ESMA consulted on the guidelines in October 2016 and the final report sets out the feedback statement to the consultation paper. It describes how the responses to the consultation were taken into consideration when drafting the final guidelines, describes any material changes to the guidelines and explains the reasons for this in light of the feedback received.
4.16 MiFID II: ESMA and NCAs agree work plan on pre-trade transparency waivers and position limits
On 28 September 2017, the European Securities and Markets Authority (ESMA), together with the national competent authorities (NCAs), announced the publication of an updated joint work plan for the opinions on pre-trade transparency waivers and position limits that must be issued under the Markets in Financial Instruments Directive (MiFID II) and Regulation (MiFIR) (together known as MiFID II).
In view of the large number of opinions to be issued, about 700 for pre-trade transparency waivers and 110 for position limits, and in order to avoid processing bottlenecks, the work plan presents a pragmatic approach for ensuring the implementation of the MiFID II/MiFIR waivers and position limits as of 3 January 2018 pending the issuance of the opinions.
The work plan contains information on the following:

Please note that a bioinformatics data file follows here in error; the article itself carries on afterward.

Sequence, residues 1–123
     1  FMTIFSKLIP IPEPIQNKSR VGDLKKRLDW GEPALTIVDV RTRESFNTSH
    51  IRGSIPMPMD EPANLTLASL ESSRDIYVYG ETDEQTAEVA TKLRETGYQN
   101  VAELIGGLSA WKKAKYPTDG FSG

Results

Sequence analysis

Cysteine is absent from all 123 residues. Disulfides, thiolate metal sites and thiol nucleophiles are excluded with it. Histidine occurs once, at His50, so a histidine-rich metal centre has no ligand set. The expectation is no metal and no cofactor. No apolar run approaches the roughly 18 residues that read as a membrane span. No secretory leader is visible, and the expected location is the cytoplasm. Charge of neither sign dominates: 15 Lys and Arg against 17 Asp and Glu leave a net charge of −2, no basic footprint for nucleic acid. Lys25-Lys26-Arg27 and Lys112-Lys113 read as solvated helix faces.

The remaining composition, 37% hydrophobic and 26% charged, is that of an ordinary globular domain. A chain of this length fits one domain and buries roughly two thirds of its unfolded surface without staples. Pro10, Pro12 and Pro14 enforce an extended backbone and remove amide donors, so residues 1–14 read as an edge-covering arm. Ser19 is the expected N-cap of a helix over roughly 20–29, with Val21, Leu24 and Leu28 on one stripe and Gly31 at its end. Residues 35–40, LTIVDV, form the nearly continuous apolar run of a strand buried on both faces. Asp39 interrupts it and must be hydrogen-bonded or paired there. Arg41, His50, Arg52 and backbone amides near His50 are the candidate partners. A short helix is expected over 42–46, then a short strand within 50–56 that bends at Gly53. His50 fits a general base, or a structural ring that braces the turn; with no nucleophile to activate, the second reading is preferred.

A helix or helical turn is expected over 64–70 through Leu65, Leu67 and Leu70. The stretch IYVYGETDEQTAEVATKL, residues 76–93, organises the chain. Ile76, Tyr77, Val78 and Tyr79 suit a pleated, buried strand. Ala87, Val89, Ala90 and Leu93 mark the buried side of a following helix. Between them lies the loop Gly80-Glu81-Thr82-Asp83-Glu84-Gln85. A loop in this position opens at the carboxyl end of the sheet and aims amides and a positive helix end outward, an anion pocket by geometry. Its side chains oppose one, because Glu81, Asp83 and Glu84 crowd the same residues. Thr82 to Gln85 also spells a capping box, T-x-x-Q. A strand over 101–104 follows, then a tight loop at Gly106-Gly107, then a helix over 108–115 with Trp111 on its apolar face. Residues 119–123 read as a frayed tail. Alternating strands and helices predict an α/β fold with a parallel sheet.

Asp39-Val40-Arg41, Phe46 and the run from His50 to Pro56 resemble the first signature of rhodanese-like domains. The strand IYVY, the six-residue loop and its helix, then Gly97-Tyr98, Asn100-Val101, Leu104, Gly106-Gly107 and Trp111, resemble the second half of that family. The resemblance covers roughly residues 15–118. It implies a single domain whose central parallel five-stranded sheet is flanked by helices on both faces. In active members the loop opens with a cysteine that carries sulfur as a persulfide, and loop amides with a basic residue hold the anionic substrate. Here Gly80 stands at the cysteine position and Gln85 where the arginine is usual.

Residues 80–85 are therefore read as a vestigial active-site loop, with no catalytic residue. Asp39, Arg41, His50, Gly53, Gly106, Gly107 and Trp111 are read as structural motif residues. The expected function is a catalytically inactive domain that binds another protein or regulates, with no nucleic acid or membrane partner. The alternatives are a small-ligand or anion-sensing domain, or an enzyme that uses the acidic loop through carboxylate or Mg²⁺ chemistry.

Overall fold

- opinions on pre-trade transparency waivers: under MiFIR, NCAs have to submit pre-trade transparency waivers to ESMA, which subsequently needs to issue opinions on the compatibility of pre-trade transparency waivers with MiFIR and Commission Delegated Regulations (EU) 2017/5871 and (EU) 2017/5832 of 14 July 2016. MiFIR does not include transitional provisions for the issuance of ESMA opinions. ESMA had initially envisaged reviewing the equity and non-equity waivers notified by NCAs by the end of 2017. However, due to the high number and complexity of pre-trade transparency waivers that need to be submitted and assessed, it has decided to prioritise its work on equity waivers and intends to finalise the opinions on those waivers by the end of 2017. ESMA also aims to finalise as many opinions on non-equity waivers as possible before 3 January 2018. However, it is unlikely to be in a position to issue opinions on a majority of waiver notifications. Pending an ESMA opinion, all NCAs have therefore committed to grant the requested waivers based on their own compliance assessment only and subject to one of certain conditions specified in the updated work plan. In order to ensure supervisory convergence, ESMA intends to publish questions and answers (Q&As) addressing the key issues identified in the non-equity waiver notifications received. Waivers notified to ESMA that miss out essential information allowing for a compliance assessment under MiFIR, or not complying with the Q&As, will not be eligible for the process set out in the updated work plan;